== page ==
AL HAMNIK: Grigson's Super Bowl train chugging along

2014-02-22T17:00:00Z 2014-02-26T14:44:08Z AL HAMNIK: Grigson's Super Bowl train chugging alongAl Hamnik Times Columnist
February 22, 2014 5:00 pm  • 

Is Trent Richardson a bust?

Colts General Manager Ryan Grigson hopes not. He gave a first-round draft pick to Cleveland before the third game last season in exchange for the young running back.

Richardson thanked Grigson and coach Chuck Pagano by rushing for only 458 yards (2.9 avg.), three touchdowns and eventually losing the starting job to Donald Brown.

During this weekend's NFL combine at Lucas Oil Stadium, Grigson was asked at his news conference if he'd make the same trade for Richardson. "Yes," said the Highland grad, but with a caveat.

"Trent expects what we expect, and that's greatness. He knows the NFL is a bottom-line business."

No. 34's bottom line has been under the weather.

Grigson spoke on a variety of topics ranging from free agency to injury updates to the draft May 8-9-10, but gave no specifics.

He wasn't about to tip his hand. Who in their right mind would do that?

Richardson's production, or lack of, was a popular topic and Grigson didn't shy away though the word "bust" was never used.

Many media believe it to be true, however.

Richardson's career has been stuck in reverse, it seems. In 2012 with the Browns, he ran for 950 yards and 11 TDs. Last season, in two games with Cleveland, he had 105 yards rushing and was scoreless.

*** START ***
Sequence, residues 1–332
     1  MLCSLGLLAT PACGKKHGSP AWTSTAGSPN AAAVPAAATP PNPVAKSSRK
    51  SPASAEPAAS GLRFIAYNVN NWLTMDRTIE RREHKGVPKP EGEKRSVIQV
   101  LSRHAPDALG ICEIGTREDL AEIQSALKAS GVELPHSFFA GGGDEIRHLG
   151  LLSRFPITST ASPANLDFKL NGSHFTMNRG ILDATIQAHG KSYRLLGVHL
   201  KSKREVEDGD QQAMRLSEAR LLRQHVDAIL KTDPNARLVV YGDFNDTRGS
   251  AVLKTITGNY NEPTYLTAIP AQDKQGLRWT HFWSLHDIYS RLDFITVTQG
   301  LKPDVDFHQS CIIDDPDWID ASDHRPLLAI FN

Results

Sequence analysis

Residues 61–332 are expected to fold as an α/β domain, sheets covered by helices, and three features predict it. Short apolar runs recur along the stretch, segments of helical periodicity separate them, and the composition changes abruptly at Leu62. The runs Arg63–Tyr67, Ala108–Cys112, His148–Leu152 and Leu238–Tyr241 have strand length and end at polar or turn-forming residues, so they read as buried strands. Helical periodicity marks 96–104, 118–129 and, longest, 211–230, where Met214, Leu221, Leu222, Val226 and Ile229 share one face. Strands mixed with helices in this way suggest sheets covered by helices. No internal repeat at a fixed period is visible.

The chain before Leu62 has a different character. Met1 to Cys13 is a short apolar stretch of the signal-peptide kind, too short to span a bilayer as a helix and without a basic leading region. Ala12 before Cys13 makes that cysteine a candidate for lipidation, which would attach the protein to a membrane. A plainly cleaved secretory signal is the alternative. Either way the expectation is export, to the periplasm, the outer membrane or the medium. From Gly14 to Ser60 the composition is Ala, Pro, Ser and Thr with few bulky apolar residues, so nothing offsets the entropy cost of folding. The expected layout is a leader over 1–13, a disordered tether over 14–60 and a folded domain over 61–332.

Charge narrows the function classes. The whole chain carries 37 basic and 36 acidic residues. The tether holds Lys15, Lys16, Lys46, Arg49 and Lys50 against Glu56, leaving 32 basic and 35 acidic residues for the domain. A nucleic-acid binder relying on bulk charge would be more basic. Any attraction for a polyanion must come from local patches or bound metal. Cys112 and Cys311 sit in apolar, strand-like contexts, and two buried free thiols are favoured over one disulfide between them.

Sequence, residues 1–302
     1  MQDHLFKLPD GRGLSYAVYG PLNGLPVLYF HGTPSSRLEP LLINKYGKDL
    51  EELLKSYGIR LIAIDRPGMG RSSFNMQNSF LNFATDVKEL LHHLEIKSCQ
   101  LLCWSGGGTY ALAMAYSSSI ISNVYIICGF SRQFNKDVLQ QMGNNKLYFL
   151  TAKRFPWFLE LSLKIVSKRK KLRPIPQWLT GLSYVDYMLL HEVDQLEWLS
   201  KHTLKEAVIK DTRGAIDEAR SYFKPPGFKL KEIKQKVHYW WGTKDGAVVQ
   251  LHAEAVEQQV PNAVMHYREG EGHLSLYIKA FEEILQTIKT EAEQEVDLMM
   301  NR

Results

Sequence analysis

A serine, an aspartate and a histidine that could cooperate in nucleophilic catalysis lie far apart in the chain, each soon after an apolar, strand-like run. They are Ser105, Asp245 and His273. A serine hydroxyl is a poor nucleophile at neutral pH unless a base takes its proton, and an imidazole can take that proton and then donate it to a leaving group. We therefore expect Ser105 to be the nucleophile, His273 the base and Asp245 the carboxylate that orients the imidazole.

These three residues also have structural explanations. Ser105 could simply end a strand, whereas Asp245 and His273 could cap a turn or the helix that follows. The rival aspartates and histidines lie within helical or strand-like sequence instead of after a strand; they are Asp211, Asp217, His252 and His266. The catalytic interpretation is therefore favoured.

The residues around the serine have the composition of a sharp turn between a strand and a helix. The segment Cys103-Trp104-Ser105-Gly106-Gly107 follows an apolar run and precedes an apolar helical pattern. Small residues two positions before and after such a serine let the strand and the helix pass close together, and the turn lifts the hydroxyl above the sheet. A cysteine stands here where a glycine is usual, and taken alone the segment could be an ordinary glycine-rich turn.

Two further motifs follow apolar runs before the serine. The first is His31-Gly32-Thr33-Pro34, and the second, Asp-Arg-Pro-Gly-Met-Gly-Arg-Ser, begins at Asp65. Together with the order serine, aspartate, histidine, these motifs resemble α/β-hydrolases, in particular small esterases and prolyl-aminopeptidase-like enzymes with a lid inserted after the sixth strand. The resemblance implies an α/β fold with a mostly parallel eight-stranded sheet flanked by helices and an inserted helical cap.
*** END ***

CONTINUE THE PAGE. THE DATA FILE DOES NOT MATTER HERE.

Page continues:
Offseason shoulder surgery could be an excuse, though Richardson doesn't play the blame game. And that's good when the Colts pay your salary.

"Our overall feeling is he's a tough, good, talented football player that has a broad skill set that's still learning what we do," Grigson said.

"We're optimistic about his future."

Grigson is all about production. He attacked life that way at Highland High, as a Purdue lineman, and while climbing the administrative ladder as an NFL scout.

"Best players play. Iron sharpens iron. We're still going to beat the drum on that," Grigson said. "You guys will get tired of hearing that.

"We're in Year 3 of our program and we're optimistic on where we're headed. The objective is still the same -- to get us to the next level, which is Super Bowl XLIX."

That's not hot air, not from a guy who took the reins of a dismal 2-14 franchise, then went 11-5, 12-4, and made the playoffs both seasons.

Trent Richardson has to know a promising career is waiting -- his. It's time to run wild and end any talk of a wasted first-round pick.

Wait and see is for bird watchers but this is pro football.

"I think he's in a great place and we're in a great place with him," Grigson said. "We have the bar set high for everyone. And that's to the 90th man on the roster."

But Richardson, once again, will be a focal point.

Grigson said all the Colts must improve and though there's a "big magnifying glass on him every week," coaches see positives with Richardson.

"We feel like he's going in the right direction. We got to get him going here."

That's as nice a warning as you'll ever get.

This column solely represents the writer's opinion. Reach him at

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